Okay, I was a little hard on the guys. They're pop stars, charismatic and kind of cute. I had a talk with my nine-year-girl about the matter. She knew the song Little Things. To my surprise, she knew ALL One Direction songs or as she corrected me 1D.
A: Mom, you don't get it. They are telling this girl they love her not matter what she feels about herself. Plus it's catchy.
Me: But don't you think it's odd that the boys point out the ways in which she hates herself?
A: No. Because maybe she does, he is helping her by saying no matter what YOU think, I love you anyway. Just like in their song What Makes You Beautiful. She could look like an ogre. He would love her. Why are you asking me this stuff? You don't get it.
Me: Well, what about the part where he's spying on her sleep talk. >>>>>>>>
A: Mom! He's just showing interest. Can you go now? I'm busy here. Can you shut the door, thanks.
Me: Okay, one last thing. If some boy would like you, only if you had, say green hair, or you were bigger or wore jeans, would you do that for him? You know, change for him?
A: Uh, no. Like, never. Why would you even ask that?
I felt like I slipped in a teaching moment, but it wasn't even necessary. My girls have great self-esteem. So far, so good. Nonetheless I need to run this by my cultural odometer guide for a hood check.
I took my complaint to my son who will surely understand why I don't think this is pro-girls, like say, Pink's song You're Perfect. Which I think is very empowering.
My son is a young adult and being at the older end of the Millennials, he has it all covered.
"I can't believe you are making me look at a video of One Direction. No, Mom. I will just read the lyrics."
I tried to impress on him the effect it may be having on the girls which is why he agrees.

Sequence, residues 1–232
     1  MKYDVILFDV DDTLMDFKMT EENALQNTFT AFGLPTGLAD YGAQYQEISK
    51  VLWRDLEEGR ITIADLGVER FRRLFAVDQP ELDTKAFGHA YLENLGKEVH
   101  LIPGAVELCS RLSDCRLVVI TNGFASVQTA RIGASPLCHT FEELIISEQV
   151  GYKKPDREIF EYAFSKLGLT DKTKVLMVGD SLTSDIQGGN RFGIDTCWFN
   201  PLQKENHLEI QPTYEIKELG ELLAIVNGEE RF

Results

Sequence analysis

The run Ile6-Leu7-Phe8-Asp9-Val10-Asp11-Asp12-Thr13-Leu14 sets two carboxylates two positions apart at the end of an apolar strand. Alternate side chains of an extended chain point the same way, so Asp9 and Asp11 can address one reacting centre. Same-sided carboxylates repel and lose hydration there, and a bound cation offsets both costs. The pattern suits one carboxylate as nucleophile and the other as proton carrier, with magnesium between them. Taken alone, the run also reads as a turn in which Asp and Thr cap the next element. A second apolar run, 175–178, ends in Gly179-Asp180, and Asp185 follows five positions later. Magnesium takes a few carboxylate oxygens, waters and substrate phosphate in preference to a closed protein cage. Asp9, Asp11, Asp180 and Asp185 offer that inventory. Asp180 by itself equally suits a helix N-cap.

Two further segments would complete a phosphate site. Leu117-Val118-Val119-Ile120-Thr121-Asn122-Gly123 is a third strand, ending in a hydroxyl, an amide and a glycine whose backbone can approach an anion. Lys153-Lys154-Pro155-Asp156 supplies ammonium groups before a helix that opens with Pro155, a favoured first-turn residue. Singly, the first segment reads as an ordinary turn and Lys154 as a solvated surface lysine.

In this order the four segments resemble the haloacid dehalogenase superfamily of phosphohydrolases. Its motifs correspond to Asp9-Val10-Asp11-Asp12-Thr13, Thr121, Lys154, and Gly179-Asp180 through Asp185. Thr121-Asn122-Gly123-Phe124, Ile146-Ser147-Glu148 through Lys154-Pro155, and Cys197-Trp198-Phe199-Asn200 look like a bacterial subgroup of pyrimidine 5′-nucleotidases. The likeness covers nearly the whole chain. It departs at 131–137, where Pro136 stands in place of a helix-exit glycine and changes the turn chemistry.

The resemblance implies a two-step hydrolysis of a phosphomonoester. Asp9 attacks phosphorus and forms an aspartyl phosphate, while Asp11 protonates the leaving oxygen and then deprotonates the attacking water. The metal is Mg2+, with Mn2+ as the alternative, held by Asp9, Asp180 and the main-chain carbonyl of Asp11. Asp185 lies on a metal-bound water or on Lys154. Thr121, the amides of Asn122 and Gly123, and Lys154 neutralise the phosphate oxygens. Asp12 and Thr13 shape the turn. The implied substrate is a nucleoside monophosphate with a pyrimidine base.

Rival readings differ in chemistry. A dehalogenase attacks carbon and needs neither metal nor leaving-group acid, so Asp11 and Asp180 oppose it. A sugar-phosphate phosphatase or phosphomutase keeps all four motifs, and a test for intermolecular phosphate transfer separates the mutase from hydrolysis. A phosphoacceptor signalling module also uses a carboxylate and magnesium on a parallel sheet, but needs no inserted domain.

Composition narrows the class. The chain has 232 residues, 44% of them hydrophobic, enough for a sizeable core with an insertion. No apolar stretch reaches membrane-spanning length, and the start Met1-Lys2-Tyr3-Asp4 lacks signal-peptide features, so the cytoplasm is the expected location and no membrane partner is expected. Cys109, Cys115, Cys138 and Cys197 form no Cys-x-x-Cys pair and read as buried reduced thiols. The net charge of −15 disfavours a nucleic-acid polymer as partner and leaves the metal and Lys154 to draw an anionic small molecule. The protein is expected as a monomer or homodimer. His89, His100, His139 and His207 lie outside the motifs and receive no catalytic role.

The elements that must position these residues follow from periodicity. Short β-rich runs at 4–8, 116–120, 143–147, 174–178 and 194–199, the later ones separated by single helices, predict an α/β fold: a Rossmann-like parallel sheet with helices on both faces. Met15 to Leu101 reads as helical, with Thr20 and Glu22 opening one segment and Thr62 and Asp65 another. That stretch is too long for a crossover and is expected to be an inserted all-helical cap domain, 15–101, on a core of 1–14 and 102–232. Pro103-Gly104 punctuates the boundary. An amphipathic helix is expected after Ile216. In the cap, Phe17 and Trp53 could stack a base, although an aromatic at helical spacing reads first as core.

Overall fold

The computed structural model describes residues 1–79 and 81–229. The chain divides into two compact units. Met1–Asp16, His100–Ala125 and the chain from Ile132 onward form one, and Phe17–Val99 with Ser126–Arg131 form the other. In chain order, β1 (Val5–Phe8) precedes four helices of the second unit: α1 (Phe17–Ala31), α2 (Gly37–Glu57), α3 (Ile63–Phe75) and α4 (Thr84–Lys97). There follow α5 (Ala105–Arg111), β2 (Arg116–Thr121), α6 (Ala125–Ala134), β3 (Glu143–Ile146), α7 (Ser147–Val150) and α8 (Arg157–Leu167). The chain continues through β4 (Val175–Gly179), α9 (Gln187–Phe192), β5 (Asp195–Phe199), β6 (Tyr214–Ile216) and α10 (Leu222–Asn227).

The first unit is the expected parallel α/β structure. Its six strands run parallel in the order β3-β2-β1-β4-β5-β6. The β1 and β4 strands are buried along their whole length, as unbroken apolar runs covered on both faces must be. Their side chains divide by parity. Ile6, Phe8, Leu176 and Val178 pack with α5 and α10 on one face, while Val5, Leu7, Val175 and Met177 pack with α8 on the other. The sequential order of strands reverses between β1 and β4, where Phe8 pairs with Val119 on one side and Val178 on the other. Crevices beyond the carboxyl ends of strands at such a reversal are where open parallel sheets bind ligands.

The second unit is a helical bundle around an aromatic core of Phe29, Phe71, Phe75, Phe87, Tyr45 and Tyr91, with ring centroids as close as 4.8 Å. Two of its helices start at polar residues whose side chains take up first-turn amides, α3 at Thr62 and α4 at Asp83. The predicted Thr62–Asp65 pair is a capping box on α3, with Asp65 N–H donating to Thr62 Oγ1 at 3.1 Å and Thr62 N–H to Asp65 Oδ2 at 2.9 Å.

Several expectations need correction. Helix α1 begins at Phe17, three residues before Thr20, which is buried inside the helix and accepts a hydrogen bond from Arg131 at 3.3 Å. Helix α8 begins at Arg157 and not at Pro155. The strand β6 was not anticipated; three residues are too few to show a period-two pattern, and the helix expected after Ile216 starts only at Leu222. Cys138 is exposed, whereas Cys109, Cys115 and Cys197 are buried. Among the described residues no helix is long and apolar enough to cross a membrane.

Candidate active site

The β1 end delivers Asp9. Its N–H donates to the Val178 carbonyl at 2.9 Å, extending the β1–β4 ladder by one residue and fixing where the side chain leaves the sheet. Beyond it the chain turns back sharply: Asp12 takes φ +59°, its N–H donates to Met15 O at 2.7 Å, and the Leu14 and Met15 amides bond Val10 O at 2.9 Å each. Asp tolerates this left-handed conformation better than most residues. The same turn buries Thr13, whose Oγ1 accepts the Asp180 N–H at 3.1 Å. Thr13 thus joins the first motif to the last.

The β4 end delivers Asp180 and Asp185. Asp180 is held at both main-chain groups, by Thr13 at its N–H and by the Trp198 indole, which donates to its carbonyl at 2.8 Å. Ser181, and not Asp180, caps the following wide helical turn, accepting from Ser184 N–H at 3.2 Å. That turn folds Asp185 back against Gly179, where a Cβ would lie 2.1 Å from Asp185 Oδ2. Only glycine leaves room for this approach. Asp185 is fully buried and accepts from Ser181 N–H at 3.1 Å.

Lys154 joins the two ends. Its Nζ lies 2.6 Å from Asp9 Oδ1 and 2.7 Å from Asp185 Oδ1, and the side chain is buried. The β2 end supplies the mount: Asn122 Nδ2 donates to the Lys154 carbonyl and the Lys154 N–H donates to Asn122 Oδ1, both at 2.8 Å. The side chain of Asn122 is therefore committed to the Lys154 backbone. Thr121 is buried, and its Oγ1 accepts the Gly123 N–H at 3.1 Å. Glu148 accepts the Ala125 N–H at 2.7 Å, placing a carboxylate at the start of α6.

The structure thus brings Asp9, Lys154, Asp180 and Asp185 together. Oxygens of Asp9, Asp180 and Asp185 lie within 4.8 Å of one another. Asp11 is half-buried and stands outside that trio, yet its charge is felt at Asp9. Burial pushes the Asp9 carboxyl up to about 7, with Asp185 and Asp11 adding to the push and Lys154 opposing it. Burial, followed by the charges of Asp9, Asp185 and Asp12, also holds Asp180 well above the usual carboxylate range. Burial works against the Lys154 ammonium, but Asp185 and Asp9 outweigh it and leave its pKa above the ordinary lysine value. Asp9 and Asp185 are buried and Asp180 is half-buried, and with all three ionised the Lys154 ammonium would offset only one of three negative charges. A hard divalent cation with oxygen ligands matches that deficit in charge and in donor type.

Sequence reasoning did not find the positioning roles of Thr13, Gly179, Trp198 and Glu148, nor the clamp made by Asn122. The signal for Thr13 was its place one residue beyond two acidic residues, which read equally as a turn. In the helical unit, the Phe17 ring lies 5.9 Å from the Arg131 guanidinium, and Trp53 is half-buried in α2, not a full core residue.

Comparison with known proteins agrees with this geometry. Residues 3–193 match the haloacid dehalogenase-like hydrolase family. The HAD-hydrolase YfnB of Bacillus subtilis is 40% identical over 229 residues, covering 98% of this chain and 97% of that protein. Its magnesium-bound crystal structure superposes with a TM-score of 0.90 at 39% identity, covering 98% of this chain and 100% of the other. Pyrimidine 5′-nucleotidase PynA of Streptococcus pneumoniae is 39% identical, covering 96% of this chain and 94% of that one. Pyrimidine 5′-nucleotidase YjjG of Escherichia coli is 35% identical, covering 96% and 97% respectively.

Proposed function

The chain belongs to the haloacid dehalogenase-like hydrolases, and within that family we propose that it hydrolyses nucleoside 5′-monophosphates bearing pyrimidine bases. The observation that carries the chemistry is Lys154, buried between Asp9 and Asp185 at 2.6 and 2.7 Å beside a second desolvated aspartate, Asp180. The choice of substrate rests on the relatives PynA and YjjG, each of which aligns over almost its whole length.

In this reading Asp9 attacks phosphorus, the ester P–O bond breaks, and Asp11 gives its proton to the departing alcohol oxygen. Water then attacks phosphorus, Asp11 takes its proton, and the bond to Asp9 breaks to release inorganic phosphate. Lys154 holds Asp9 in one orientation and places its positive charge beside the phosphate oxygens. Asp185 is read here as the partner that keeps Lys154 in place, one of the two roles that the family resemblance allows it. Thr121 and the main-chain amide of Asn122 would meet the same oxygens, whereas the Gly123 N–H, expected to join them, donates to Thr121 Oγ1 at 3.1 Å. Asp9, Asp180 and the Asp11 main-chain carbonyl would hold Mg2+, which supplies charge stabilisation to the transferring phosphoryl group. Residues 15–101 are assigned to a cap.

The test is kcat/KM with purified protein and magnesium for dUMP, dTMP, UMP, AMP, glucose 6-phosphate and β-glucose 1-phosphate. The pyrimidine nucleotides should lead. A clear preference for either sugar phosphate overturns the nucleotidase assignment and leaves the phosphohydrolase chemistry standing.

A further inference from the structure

He read the lyrics. I point out this section which I find suspect.
I know you've never loved
The crinkles by your eyes
When you smile
You've never loved
Your stomach or your thighs,
The dimples in your back at the bottom of your spine
But I'll love them endlessly
Son: Mom, it's adolescent. They're like 15 or something. But I get what you are saying. The lyrics are lame. And kind of creepy. I don't even think they're musicians.
Me: See? So, I'm not crazy. Thank you.
Son: Sure. Can you get out of my room now? I need to finish this. Shut the door.
I guess when I reflect on what I was listening to at age nine, it's quite different. The Four Tops, The Supremes, Beatles, Beach Boys, Janis Joplin, The Doors. It was actual music. I don't know what to call this fuzzy pop stuff. But it's everywhere. And growing.
I don't watch any of those "make me famous" shows, but that is exactly what the judges encourage. Sound poppy, superficial, catchy and be cute. Being white is a plus.
I have to let my kids listen to whomever they want and find their own way. I seriously can't believe I have become a parent that says, "Don't listen to that! It's the devils handiwork!" For One Direction! Ridiculous.
My own parents never actually cared what I listened to, in fact my mother not only encouraged music, the darker the better, but took me to some awesome rock concerts. She even bought me drinks. I think I was ten at this one, Rod Stewart. Good times. I think the first lyric that really stuck with me was "welome to hell, mother f****rs!"
So I will lay off for now. At least they are not listening to Marilyn Manson or going to rock concerts in tube tops with their mother.